Can ATVs Go in Water? Avoid These Beginner Mistakes


Does your next off-road adventure include crossing streams or rivers with your four-wheeler? If you are worried about how deep ATVs can go into water and the risks involved with this activity, you have arrived at the right place to get your answers.

Stock ATVs shouldn’t go into water that is deeper than the footrest. If the ATV gets submerged, the water will go into the exhaust and this will lead to engine damage (sometimes irreparable). The only way to go into deep waters with an ATV is to modify the four-wheeler with a snorkel. An ATV snorkel will reroute the intake for the engine’s air and exhaust so that it prevents any water damage.

My experience with off-road adventures taught me one thing. You never know what you might stumble upon on the trail. It can always rain or a dirt road can get flooded. This is why you should consider reading on to learn what beginner mistakes to avoid.

image showing if ATVs can go in water

Can You Ride ATVs Into Water? How Deep is Okay?

ATVs through mud

You can ride your ATV in water, even if it’s a stock model. In fact, four-wheelers are capable of crossing small rivers and streams without any problem as long as the water level doesn’t go deeper than the footrests. If you are planning to submerge the ATV in water, then you need to consider investing in a snorkel. The snorkel is an attachment for quads that allow you to navigate deeper waters.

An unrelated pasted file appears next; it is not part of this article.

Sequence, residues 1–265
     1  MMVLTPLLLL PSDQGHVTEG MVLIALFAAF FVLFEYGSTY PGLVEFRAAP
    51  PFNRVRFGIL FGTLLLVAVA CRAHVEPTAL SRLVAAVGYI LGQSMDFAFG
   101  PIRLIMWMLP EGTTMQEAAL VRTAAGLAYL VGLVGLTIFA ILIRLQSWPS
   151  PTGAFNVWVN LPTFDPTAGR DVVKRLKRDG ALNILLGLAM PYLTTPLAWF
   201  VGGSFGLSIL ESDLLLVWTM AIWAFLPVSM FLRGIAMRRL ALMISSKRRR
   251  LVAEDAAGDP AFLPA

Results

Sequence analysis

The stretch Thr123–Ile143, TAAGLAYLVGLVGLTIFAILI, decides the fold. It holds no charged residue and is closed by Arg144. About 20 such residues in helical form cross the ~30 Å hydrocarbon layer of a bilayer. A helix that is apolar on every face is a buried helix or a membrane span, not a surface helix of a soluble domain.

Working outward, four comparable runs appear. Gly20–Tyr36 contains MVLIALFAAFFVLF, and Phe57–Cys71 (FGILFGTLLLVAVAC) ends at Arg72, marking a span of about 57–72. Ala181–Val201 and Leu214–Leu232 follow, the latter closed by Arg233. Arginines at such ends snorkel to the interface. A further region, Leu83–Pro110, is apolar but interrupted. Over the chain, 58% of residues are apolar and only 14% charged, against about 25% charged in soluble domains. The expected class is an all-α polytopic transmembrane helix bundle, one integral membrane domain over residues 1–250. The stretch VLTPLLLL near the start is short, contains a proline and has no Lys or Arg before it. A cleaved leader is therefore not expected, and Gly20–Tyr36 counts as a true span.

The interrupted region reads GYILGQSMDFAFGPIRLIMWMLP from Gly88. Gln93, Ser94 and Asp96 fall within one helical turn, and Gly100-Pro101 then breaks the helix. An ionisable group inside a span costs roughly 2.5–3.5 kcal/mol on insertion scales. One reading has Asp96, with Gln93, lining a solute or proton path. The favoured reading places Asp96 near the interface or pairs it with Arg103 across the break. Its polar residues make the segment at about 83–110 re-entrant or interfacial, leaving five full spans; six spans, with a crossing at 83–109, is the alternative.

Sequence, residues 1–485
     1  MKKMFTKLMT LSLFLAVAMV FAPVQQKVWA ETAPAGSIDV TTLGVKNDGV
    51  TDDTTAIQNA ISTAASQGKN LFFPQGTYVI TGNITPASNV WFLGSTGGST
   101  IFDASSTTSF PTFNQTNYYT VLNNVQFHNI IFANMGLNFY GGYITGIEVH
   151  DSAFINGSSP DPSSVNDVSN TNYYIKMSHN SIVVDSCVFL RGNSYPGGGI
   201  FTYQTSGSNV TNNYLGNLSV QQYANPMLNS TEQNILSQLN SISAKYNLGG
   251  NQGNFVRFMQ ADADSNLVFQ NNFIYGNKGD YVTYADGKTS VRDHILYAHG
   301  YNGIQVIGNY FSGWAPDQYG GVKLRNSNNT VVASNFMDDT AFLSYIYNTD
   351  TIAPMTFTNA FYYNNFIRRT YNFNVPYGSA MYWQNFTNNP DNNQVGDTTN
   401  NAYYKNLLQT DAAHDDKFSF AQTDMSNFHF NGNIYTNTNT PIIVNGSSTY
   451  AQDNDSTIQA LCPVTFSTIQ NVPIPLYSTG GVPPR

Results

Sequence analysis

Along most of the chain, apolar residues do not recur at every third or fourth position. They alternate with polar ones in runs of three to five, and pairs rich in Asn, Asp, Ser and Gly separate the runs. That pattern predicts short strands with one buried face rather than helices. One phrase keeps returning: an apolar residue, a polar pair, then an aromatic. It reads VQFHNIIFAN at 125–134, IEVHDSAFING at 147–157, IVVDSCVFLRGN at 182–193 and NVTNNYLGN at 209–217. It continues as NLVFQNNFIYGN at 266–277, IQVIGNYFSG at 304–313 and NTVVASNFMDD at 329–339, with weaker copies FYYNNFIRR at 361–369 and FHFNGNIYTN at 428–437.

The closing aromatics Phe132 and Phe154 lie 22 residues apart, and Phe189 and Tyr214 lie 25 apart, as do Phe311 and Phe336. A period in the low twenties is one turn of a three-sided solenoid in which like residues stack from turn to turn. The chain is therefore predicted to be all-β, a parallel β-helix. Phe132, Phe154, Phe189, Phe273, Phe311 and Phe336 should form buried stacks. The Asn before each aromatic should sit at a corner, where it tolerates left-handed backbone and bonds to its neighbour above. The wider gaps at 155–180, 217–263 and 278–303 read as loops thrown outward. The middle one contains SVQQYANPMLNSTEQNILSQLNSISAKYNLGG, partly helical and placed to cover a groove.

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If you follow the golden rule of never going with your ATV into waters deeper than the footrest, you will be good. I need to highlight that riding in deeper waters can be dangerous. I am not talking only about the ATV engine. I am also talking about you because powerful torrents can cause your four-wheeler to drift away.

How to Prepare Your ATV for Water

If the idea of crossing streams, riding through, or even plowing through puddles gets you excited, then you should learn how to prepare your ATV for water. Check out the guidelines below to learn how to make your ATV ready for deep waters.

  • Know Your ATV’s Limits